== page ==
*Correspondence to: Yoshinobu Takakura, Department of Biopharmaceutics and Drug Metabolism, Graduate School of Pharmaceutical Sciences, Kyoto University, Kyoto 606-8501, Japan, Email: takakura@ pharm.kyoto-u.ac.jp Received: 7 October 2014; Revised: 8 January 2015; Accepted: 8 January 2015; Published: 9 February 2015

xosomes are small membrane vesicles secreted from many types of cells. As exosomes are natural delivery vehicles for proteins and RNAs (13), exosomes have the potential to be biocompatible and efficient drug carriers for these molecules (4,5). To develop exosome-based drug delivery systems, it is important to understand the behaviour of exosomes in vivo, such as their clearance from the systemic circulation. However, published information on this subject is limited. In our previous study, we succeeded in tracking the in vivo behaviour of exosomes by designing gLuclactadherin (gLuc-LA), a fusion protein of Gaussia luciferase, a reporter protein, and lactadherin, a protein with tropism and binding specificity for exosomes (6). gLuc-LA-labelled

E

exosomes were successfully prepared by collecting exosomes from murine melanoma B16BL6 cells transfected with gLuc-LA-expressing plasmid DNA. We demonstrated that gLuc activity in the serum quickly declined after an intravenous injection of gLuc-LA-labelled B16BL6 exosomes in mice, which indicates the rapid clearance of B16BL6 exosomes from the blood circulation. However, the mechanism of this rapid decline in the number of exosomes in the blood circulation was unclear. Regarding factors that could affect the in vivo behaviour of exosomes, the role of proteins displayed on the exosome membrane, such as tetraspanins and integrins, has been mainly investigated. In addition to these specific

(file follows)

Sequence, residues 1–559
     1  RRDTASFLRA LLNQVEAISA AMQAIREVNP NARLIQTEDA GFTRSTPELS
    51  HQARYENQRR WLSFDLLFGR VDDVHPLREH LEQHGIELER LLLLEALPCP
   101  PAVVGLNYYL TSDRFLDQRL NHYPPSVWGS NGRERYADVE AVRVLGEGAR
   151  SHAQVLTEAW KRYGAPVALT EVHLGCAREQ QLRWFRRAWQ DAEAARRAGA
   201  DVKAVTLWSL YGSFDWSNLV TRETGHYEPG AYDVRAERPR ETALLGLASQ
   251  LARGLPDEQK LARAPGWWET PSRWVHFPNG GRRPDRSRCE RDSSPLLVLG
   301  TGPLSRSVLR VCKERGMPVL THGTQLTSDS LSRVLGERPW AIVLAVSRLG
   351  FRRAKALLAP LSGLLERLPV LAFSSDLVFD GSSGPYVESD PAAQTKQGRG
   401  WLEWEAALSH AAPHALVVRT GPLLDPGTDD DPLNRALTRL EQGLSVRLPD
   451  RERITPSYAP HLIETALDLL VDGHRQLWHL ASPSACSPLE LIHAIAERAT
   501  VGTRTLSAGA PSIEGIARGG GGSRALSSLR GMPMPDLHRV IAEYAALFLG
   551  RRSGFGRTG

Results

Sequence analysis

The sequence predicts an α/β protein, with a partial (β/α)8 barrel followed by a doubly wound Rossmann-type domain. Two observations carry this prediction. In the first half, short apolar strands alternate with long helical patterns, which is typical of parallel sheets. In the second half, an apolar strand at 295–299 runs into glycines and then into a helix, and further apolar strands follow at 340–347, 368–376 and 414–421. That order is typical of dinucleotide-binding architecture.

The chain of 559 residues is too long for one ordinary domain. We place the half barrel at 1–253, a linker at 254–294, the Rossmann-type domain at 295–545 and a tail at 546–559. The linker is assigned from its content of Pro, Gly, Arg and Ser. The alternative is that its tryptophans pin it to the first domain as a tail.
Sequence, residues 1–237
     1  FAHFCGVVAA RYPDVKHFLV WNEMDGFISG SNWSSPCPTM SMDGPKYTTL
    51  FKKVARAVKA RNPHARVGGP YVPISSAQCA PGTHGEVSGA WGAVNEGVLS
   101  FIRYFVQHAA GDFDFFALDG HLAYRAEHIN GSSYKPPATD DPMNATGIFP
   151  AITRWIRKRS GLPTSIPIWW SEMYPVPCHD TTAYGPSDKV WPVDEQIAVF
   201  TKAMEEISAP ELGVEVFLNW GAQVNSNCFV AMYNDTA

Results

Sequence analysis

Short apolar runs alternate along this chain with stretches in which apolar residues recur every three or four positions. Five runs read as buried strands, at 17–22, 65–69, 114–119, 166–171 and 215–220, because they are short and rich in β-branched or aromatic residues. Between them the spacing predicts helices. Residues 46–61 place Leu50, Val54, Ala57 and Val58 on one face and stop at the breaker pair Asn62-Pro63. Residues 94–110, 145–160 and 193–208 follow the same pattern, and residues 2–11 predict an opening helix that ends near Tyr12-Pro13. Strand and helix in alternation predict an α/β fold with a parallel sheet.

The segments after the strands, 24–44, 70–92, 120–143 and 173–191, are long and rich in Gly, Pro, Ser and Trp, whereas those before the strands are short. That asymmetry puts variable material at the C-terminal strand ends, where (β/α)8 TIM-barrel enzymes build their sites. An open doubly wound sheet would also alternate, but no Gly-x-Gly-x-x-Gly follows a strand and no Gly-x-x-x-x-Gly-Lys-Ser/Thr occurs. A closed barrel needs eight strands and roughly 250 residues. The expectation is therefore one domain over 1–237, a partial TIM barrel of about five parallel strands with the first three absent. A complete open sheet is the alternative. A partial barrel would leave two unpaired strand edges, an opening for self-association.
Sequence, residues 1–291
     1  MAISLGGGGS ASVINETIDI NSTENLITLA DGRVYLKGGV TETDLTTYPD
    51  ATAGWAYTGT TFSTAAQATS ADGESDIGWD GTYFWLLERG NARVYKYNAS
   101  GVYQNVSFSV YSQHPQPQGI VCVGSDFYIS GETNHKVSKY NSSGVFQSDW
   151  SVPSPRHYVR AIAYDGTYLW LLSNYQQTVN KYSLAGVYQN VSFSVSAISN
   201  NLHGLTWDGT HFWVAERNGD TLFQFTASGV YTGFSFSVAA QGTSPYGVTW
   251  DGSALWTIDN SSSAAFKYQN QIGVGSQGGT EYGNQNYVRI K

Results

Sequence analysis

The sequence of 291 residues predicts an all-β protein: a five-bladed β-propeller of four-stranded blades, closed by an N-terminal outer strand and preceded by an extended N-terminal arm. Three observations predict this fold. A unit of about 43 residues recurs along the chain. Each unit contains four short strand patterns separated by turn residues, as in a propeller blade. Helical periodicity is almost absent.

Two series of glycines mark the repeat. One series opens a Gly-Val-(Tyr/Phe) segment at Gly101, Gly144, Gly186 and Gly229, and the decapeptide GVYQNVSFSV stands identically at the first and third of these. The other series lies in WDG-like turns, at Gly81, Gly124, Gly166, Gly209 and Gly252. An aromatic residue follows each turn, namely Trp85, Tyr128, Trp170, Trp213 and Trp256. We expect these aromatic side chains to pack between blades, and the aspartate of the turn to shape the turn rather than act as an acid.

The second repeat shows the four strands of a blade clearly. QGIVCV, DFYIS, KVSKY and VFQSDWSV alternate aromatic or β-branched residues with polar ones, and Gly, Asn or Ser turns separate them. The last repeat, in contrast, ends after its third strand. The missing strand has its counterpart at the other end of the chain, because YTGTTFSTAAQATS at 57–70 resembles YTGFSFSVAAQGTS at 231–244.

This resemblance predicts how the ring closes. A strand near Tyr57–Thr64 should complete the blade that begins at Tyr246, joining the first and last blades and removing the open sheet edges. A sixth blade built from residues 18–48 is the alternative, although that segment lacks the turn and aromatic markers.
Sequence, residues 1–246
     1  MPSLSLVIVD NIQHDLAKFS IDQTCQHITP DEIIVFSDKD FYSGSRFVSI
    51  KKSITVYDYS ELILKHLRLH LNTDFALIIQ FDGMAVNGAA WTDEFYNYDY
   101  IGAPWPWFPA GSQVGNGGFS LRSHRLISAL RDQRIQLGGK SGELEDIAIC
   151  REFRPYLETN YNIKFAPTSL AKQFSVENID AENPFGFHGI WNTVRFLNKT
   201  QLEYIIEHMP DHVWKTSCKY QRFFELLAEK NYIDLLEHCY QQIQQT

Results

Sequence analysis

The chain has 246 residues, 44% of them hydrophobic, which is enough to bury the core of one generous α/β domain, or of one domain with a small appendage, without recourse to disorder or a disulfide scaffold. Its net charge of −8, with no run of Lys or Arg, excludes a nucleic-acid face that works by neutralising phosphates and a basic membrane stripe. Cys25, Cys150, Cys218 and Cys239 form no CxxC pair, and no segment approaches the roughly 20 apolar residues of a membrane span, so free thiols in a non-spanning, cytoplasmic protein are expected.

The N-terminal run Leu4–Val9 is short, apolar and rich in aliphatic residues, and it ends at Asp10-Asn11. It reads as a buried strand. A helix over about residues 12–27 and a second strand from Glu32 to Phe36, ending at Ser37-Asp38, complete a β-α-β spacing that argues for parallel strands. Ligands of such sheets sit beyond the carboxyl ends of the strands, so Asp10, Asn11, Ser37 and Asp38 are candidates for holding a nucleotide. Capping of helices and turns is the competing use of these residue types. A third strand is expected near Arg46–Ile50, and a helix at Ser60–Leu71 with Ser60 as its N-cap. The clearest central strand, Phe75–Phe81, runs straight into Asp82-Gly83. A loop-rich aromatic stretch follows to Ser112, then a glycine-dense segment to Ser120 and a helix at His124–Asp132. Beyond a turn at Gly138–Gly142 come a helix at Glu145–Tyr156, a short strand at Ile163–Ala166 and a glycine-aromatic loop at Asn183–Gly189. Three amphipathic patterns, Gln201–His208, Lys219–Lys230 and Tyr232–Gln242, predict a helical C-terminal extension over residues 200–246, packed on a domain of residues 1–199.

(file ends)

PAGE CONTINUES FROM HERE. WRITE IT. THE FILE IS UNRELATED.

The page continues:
Journal of Extracellular Vesicles 2015. # 2015 Takafumi Imai et al. This is an Open Access article distributed under the terms of the Creative Commons Attribution-Noncommercial 3.0 Unported License (http://creativecommons.org/licenses/by-nc/3.0/), permitting all non-commercial use, distribution, and reproduction in any medium, provided the original work is properly cited. Citation: Journal of Extracellular Vesicles 2015, 4: 26238 - http://dx.doi.org/10.3402/jev.v4.26238